The choice is yours, but at the rate you take pictures it is no wonder that the camera didn't last long. Only a professional camera like the Canon1D or the Nikon D2X is really built for that level of use.

fixerdave Aug 6, 2005 1:12 AM

Thanks to all that replied. From this I've learned:

- that I either need to push the shutter button less, go for a full-on professional camera, or make sure I keep burning them out before the extended warranty expires.

- there are more camera choices than I had originally thought. Some of them are approaching my ideal camera... though they either seem to be slightly flawed or not yet released.

I'm beginning to feel like I'm looking for a camera about one year too soon. I might just stall for a bit by picking up a Sony F828 as that would be my cheapest option, considering I already have spare batteries etc.. If I burned it out in a year or so... well, that would be okay - so long as I get my money back. Then, I'll start this process over again and see what's available.

I have decided to hold off on the dSLR though... the more I think about it, the more important quiet operation is to me. I'll stick with the EVF cameras until they either go pro or the insurance company won't play with me anymore. Maybe then I'll find a dSLR that feels and sounds good to me.

I still want to try out the Leica though... I'm not sure why but there's something about it I that really attracts me. I mean, the spec's on that new Fuji are pretty impressive but just doesn't say "own me" like the Leica does. It's not often a piece of gear hits me that way.

Thanks again for all the great information,


peripatetic Aug 6, 2005 2:47 PM

If you do wear out the shutter on the 20D you can always take it in for repair, you don't need to throw away the whole camera.

fixerdave Aug 9, 2005 1:13 AM

Well, I'd just like to thank everyone here again for your excellent advice. My insurance company just approved my extended warranty claim and, after going blurry-eyed reading spec's and reviews, I've ordered my camera: a Panasonic Lumix DMC-LC1.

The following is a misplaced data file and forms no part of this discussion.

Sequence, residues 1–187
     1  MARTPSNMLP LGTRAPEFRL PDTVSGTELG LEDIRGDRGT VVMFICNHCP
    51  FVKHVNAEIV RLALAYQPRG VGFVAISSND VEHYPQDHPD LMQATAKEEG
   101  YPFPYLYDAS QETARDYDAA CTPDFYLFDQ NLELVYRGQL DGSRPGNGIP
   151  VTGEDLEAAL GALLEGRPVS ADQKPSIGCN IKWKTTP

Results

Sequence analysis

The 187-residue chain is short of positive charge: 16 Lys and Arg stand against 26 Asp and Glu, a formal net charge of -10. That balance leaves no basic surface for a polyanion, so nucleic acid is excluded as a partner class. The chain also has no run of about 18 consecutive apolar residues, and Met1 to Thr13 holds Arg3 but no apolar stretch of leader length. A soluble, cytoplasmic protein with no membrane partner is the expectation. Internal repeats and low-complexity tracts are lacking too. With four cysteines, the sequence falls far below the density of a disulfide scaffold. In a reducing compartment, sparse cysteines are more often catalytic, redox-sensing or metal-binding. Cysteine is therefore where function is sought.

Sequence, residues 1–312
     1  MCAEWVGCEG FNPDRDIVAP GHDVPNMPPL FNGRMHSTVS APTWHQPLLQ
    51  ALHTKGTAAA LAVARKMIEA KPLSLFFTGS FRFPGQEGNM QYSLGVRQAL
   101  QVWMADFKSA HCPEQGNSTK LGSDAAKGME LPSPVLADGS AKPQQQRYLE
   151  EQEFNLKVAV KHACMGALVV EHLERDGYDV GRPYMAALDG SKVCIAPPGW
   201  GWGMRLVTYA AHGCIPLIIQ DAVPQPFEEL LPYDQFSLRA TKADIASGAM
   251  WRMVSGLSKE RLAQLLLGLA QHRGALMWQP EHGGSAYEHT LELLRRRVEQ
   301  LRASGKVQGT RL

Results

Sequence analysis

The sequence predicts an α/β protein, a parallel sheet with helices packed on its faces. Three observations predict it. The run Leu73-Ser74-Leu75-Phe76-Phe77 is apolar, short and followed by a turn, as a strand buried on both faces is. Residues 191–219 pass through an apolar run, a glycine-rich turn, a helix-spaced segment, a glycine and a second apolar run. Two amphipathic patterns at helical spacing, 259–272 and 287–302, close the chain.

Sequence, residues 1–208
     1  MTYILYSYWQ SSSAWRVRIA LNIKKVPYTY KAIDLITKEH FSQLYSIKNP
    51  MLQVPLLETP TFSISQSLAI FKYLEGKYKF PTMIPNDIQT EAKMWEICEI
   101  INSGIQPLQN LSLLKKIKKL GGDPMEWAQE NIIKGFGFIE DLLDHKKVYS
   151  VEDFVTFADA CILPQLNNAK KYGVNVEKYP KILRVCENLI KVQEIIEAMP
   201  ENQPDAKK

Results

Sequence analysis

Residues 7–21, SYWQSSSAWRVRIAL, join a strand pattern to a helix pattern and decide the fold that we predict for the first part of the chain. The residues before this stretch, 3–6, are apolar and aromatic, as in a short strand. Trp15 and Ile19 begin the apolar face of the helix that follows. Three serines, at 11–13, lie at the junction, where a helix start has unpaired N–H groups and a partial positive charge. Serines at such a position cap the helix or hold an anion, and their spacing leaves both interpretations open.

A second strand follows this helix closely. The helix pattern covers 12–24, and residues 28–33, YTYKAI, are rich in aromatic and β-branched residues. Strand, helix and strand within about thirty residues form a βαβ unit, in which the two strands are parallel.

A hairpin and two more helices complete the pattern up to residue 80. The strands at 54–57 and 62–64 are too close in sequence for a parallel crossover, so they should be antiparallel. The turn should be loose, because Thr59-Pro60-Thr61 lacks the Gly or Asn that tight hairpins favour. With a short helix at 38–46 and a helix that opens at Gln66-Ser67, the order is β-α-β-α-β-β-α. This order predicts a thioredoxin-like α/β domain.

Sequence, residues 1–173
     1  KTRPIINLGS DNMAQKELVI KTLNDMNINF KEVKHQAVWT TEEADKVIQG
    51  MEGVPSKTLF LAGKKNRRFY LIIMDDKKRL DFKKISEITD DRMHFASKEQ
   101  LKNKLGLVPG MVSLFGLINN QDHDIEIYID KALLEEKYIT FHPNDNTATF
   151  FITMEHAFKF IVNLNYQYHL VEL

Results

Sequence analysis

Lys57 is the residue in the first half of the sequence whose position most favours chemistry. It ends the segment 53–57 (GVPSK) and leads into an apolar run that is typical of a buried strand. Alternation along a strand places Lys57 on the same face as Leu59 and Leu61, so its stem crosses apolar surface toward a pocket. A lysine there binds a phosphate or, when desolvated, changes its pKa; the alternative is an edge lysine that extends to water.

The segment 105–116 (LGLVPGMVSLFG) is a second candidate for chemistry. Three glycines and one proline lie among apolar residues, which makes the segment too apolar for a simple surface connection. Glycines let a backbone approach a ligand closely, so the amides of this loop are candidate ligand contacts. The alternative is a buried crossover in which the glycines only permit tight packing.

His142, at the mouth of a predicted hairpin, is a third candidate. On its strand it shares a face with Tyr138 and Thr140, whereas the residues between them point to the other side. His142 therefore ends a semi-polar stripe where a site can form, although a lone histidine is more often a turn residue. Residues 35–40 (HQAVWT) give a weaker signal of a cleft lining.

Overall, I know it's not the "best" camera out there... but I think it's the best for me at this time. I picked it up for $1150 CDN, which is WAY lower than the $2100 CDN for the Leica Digilux 2. The Leica is prettier, but it 'aint $2100 purdy.

Why the LC1? Well, I finally realised why I didn't feel comfortable with the dSLRs. Besides the shutter noise, I realised that the Sony F717 spoilt me for ergonomics. Most importantly, because the EVF is mounted in the top/left corner, I can frame lansdcape or portrait shots without the camera squishing my nose. It never occurred to me before... not until I was trying out the Nikon D70 today. No... I don't have a really big nose! Well, it's kind of big but people don't stare at me or anything. I think this is a very big advantage of the EVF design. Once I realised this, my choices narrowed to the Sony F828 and the Panasonic/Leica. The Sony is going for $940 CDN, and I already have spare batteries etc., but the reviews of it's noise problems were pretty harsh. Anyway, that's what I told myself... because I really wanted that Leica. Then I found the Panasonic on for a mere $200 more and I managed to convince myself... while managing to ignore the minor point that I'll need to buy memory and batteries, another $200.

I'll just keep telling myself that I traded my old clunky (dead) F717 in for a brand new spiffy Panasonic LC1 and it only cost me $400 to upgrade :) The insurance company probably wouldn't agree with me though... Maybe if I take lots and lots of pictures, I'll be able to do it again in another year or so.

Anyway, I'd just like to say "thanks again" and I'll sign off with one final thought: credit card purchase protection can be a wonderful thing :-)